Ondine is Valerian's cook, and she and Sydney (the butler) are married. She has spent many years working hard, and, as we find out from the narrator, time has begun to catch up with her: "She didn't like asking Yardman to [kill the chickens] for her, but her feet were so tender and her ankles too swollen to manage" (4.90). We can tell from the way she acts that she has always been a very stern and serious woman, especially when it comes to commanding other servants. But once again, her age has made her too tired to be as professional as she once was. She is even "Too tired to fuss, too tired to even have to confront [another servant] with his sloppiness" (4.97).
Like her husband Sydney, Ondine sometimes gets worked up about her boss' (Valerian's) selfish behavior. But she also knows that she and Sydney have good jobs with him and that their other options for work are not as good, especially given their age. That's why she's pretty much willing to put up with anything Valerian does. On top of that, Ondine is a proud woman, but not as temperamental as her husband Sydney. When Sydney gets upset about certain things, for example, she usually has to calm him down by saying things like, "There's no point in gnawing it, Sydney, like a dog with a bone. Swallow it or drop it" (4.135).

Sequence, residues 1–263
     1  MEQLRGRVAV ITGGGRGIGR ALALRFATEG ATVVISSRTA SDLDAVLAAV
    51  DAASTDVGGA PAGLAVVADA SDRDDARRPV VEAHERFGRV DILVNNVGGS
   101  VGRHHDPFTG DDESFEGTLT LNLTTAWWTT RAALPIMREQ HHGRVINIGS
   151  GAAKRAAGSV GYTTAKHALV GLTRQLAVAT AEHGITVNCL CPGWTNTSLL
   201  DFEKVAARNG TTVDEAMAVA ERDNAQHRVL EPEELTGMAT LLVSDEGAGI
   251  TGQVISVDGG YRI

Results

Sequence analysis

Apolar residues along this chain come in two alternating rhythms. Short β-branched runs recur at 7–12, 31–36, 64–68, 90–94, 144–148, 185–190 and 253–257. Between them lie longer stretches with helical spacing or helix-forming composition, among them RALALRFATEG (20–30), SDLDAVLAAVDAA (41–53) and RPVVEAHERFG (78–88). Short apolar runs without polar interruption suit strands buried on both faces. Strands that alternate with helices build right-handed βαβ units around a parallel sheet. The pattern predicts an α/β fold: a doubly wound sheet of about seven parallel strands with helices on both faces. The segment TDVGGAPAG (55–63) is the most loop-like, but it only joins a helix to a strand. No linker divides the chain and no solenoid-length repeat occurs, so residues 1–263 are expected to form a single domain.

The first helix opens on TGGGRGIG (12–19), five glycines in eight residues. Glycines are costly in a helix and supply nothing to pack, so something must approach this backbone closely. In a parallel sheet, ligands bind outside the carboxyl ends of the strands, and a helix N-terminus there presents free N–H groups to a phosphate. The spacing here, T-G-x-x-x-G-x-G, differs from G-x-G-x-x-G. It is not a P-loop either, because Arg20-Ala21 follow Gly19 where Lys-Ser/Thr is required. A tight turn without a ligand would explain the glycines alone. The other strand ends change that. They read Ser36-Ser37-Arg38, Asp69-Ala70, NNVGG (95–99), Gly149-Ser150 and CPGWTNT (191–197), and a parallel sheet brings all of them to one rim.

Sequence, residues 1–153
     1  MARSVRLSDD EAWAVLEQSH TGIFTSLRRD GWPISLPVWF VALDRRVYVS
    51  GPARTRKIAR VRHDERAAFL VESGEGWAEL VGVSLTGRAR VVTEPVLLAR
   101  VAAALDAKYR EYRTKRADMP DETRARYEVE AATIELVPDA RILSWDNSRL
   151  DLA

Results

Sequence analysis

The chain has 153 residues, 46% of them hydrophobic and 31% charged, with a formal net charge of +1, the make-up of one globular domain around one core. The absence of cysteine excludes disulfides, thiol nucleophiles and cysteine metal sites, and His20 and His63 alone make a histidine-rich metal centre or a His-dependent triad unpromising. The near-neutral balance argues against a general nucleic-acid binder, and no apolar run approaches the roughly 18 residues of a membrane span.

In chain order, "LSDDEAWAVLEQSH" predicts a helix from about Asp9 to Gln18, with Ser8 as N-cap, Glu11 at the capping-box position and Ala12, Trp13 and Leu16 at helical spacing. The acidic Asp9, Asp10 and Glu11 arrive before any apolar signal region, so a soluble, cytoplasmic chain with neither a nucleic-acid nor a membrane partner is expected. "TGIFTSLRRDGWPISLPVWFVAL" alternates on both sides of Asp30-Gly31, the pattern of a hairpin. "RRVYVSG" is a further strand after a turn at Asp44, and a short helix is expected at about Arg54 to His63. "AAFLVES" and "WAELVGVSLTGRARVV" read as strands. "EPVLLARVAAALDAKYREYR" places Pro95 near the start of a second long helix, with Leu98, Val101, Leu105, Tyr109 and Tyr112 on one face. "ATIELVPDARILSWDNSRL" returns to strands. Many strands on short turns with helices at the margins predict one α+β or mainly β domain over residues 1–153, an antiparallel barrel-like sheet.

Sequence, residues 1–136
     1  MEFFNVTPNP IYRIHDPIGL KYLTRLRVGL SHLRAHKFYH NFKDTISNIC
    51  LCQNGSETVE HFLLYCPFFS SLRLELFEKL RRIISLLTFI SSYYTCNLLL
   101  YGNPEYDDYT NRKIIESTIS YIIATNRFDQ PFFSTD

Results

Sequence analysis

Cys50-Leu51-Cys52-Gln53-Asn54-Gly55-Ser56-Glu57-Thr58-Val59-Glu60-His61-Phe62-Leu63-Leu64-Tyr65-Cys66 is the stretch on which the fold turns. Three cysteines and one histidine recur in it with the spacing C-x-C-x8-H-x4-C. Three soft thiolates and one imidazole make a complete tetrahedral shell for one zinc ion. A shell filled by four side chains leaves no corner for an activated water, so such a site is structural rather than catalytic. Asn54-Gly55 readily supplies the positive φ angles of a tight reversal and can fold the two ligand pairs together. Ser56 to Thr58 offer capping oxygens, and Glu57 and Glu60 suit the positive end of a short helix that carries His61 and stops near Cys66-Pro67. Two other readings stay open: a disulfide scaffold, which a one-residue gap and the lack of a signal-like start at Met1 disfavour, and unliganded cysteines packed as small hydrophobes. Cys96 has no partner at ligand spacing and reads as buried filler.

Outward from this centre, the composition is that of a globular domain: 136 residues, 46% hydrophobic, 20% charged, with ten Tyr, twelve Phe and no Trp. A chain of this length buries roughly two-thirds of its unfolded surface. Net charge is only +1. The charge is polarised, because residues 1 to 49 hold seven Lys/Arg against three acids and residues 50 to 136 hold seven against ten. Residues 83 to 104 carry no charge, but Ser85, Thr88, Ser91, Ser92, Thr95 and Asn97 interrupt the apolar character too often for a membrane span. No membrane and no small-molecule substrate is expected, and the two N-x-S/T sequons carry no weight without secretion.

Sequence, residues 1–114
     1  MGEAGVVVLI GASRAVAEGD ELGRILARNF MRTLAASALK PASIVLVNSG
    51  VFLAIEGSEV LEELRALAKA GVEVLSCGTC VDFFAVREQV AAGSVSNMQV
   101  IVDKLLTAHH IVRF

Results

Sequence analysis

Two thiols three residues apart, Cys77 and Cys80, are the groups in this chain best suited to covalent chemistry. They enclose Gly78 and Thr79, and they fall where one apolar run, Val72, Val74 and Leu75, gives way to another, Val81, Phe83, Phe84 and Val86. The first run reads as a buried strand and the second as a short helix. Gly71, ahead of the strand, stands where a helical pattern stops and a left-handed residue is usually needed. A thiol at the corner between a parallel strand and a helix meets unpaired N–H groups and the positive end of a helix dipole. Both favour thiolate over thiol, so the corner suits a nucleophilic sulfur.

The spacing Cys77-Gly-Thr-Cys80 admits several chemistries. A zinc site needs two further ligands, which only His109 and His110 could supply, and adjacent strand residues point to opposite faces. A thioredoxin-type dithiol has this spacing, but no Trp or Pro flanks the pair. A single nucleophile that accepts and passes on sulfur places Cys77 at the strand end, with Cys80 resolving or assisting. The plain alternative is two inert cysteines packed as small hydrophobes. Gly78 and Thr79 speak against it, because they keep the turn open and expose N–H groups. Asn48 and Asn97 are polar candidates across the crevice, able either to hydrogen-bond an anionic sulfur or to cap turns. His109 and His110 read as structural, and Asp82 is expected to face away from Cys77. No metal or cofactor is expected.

Despite her patience, Ondine has a deep dislike for her boss' wife Margaret. We spend much of the book not knowing why this is, but we find out when Ondine reveals that Margaret used to abuse her son Michael when Michael was just a baby. Before she found out about this, Ondine had felt sorry for Margaret (since she was a seventeen year old bride with a thirty-nine year old husband!). They used to hang out and gossip together, but Valerian put a stop to that because he didn't want Margaret making friends with the help.
Ondine has a beautiful niece name Jade, who works as a model. However, Ondine expects that Jade will one day return to look after her aunt and uncle in their old age. At the end of the book, Ondine confronts her niece Jade about all the sacrifices that she (Ondine) and Sydney have made for her. She claims that Jade "has forgotten her ancient properties" (C.113), not only as a black person, but as Ondine and Sydney's niece.
Ondine claims that Jade has a duty toward her people; but Jade has embraced the world of individualism and capitalism, and she wants nothing to do with her aging relatives. Jade's not going to give up any of her ambitions in order to take care of people in their old age. In the end, Ondine can only watch as Jade leaves for France. Both Ondine and Sydney are left feeling bitter about how the young woman has deserted them after they sacrificed so much for her.